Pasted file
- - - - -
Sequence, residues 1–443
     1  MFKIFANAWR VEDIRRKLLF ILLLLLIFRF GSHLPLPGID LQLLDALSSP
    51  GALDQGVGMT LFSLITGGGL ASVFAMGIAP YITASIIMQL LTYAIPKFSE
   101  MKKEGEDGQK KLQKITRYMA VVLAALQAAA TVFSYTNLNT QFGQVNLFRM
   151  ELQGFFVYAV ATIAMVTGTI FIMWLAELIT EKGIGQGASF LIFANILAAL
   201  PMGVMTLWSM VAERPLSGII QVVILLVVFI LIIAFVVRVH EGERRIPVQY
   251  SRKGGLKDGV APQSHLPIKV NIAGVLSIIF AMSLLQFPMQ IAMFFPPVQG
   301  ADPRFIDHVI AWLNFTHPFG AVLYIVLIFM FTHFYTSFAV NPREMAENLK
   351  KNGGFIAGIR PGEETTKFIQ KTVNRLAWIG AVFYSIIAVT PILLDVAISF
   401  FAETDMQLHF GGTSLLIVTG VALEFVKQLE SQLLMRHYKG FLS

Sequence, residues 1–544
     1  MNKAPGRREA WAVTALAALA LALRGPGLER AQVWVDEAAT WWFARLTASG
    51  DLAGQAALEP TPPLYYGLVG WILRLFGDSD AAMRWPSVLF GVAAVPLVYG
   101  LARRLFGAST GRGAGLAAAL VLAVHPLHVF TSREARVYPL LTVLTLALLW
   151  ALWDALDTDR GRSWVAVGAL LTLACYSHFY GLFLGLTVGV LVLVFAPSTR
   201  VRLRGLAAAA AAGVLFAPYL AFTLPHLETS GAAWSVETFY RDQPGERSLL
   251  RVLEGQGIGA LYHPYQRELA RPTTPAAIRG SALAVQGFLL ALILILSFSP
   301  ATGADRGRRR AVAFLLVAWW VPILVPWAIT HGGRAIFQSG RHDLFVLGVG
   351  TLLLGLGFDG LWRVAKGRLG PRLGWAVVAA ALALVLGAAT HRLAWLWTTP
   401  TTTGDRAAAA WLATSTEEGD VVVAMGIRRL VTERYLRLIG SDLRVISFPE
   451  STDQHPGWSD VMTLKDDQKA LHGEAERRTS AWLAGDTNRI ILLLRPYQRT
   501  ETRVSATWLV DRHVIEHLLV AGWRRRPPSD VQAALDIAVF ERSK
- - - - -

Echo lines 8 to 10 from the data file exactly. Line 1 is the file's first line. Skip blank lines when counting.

   301  ADPRFIDHVI AWLNFTHPFG AVLYIVLIFM FTHFYTSFAV NPREMAENLK
   351  KNGGFIAGIR PGEETTKFIQ KTVNRLAWIG AVFYSIIAVT PILLDVAISF
   401  FAETDMQLHF GGTSLLIVTG VALEFVKQLE SQLLMRHYKG FLS